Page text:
The Legislative Yuan’s Diplomacy and National Defense Committee has decided to back down from its plan to make an inspection trip to the disputed Diaoyutai (釣魚台) islands today, committee head Lin Yu-fang (林郁方) said yesterday.
Lin, who on Monday was insistent on making the trip, told reporters yesterday that he had changed his mind after he received telephone calls from Chinese Nationalist Party (KMT) Chairman Wu Poh-hsiung (吳伯雄) and senior officials from the Presidential Office on Monday night.
Lin, a KMT legislator, said Wu and the officials urged him “to allow the Ministry of Foreign Affairs more time to negotiate with Tokyo now that Japan has softened its stance because of Taipei’s hard line on the issue.”
“Since activists and Coast Guard Administration vessels approached to within 0.4 nautical miles of the Diaoyutais yesterday [Monday], we have effectively asserted our sovereignty over the islands,” Lin said. “I think the party, the administration and the Presidential Office should take a united stance [on the issue]. Therefore, after consulting some friends on the committee, we agreed to suspend the trip.”
The committee was originally scheduled to take a fact-finding tour of the island group under the escort of naval vessels today to “claim sovereignty and protect the rights of Taiwanese fishing boats.”
The plan was conceived following an incident that occurred on June 10 in waters near the Diaoyutais, when a Taiwanese boat, registered in Taipei County, carrying recreational fishermen sank after it collided with a Japanese patrol vessel.
Boat owner Ho Hung-yi (何鴻義) was held for three days by Japanese authorities on the island of Ishigaki.
At a separate setting yesterday, Ho, accompanied by Taipei County Commissioner Chou Hsi-wei (周錫瑋) of the KMT, held an international press conference in which they accused the Japanese side of ramming into the boat on purpose and said that Japanese officials had then lied about the incident afterward.
Chou hosted the press conference with DVDs, press statements, photos and footage available in English.
“We wanted to tell the whole story and provide the evidence so that the international media can tell our friends around the world how immoral the Japanese were when they struck the Taiwanese boat,” Chou said in English.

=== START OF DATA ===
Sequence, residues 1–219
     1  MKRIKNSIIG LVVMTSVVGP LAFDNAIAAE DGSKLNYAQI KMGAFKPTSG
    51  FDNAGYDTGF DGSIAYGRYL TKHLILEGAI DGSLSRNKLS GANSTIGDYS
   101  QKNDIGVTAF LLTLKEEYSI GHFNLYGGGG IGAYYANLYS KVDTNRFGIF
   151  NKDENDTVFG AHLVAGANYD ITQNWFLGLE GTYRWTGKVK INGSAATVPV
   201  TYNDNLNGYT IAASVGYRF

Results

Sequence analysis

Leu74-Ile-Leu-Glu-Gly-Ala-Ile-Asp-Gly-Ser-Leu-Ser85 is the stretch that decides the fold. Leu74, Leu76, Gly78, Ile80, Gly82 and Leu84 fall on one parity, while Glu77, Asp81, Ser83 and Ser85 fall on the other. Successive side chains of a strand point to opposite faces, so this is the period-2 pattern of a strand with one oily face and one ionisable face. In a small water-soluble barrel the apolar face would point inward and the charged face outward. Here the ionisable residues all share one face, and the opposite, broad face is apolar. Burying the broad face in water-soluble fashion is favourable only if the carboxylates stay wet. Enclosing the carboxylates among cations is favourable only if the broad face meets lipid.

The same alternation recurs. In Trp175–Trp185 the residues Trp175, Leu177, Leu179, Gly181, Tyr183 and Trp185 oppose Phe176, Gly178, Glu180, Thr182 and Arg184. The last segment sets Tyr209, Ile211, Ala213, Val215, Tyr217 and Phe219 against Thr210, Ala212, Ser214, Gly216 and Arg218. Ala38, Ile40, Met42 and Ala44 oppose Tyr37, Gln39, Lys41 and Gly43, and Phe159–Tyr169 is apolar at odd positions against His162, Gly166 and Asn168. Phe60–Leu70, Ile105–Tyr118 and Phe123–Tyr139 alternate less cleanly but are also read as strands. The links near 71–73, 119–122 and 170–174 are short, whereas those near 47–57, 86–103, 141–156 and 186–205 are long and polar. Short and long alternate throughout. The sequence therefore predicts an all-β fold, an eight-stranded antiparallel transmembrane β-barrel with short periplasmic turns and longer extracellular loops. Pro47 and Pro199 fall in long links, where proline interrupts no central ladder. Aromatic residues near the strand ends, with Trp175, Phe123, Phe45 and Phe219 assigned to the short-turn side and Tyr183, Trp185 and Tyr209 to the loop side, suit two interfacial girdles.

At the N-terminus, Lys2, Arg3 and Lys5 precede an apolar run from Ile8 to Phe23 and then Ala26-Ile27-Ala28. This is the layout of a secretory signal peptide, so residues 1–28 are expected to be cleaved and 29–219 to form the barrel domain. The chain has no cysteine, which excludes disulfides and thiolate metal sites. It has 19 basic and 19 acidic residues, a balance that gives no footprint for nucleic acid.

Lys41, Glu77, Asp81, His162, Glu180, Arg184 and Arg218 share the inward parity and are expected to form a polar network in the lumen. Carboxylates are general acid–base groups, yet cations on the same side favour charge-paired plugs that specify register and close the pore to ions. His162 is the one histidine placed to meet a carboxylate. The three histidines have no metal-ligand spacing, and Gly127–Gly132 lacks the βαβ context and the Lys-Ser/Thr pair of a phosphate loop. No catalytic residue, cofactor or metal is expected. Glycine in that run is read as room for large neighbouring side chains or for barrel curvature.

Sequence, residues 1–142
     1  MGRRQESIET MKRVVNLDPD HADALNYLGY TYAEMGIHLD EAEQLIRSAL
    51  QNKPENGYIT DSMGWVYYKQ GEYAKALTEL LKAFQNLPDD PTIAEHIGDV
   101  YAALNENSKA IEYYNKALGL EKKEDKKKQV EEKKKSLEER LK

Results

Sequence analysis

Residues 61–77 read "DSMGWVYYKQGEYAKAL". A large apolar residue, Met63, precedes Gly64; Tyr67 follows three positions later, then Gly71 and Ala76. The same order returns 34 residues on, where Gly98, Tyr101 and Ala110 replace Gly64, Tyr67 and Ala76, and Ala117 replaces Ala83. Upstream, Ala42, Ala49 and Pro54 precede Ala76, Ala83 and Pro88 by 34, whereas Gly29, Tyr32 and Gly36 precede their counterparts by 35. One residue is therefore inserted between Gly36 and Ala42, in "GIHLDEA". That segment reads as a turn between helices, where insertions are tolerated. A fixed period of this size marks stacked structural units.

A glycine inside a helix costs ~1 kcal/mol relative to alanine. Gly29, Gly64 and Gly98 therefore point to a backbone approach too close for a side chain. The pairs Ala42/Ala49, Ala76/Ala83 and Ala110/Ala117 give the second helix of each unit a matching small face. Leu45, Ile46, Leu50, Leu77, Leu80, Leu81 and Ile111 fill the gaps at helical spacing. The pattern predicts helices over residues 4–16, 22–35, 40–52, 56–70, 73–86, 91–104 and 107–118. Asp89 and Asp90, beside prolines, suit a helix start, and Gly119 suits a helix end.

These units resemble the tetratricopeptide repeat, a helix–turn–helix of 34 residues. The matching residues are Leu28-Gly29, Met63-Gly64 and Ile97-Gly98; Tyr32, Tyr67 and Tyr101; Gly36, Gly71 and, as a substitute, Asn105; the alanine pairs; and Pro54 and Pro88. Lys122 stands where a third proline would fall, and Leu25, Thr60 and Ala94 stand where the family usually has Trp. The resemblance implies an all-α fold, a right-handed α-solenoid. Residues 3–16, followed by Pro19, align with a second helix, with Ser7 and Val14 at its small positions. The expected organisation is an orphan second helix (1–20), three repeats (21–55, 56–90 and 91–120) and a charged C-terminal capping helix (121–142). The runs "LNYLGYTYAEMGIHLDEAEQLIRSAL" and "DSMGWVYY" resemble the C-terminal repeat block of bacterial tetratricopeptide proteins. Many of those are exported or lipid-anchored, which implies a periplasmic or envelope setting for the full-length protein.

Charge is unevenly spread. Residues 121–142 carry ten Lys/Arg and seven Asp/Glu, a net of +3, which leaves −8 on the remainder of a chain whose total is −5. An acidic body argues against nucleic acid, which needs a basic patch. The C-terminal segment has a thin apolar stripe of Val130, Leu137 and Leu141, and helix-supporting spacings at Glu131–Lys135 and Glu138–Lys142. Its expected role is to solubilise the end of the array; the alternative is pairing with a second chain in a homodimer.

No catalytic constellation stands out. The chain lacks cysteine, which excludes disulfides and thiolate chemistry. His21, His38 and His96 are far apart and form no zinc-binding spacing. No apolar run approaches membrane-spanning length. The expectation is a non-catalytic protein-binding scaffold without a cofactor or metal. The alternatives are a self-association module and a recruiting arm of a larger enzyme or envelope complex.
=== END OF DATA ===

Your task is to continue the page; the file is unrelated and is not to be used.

The attendees were shown photos and video footage that Ho said were taken by some fishermen and crew members using mobile phones and cameras, and a radar picture from the Japanese government.
The radar picture showed the course of the fishing boat and the relative location of the patrol vessel and demonstrated that the Taiwanese boat did not navigate in a zigzag pattern as Japanese officials have claimed, crew member Hsiang Yan-hao (項彥豪) said.
“Our boat was not weaving, because the scene was captured without any evidence of swaying,” Hsiang said when playing the footage taken by the fishermen.
Hsiang said the Japanese patrol vessel hit the fishing boat deliberately, which he said was proven by footage showing the patrol vessel grazing the boat after the first strike.
“The Japanese patrol vessel hit the bridge of the boat and then it reversed, which shows that the collision was planned,” Hsiang said.
Hsiang said they hid their mobile phones and cameras in a refrigerator following the collision.
Japanese authorities have released the results of an investigation into the incident in which it says the Japan Coast Guard had recommended that authorities charge both Ho and the captain of the Japanese patrol boat with “incurring danger due to negligence of official duties” and additionally charge the Japanese captain with “incurring harm due to negligence of official duties.”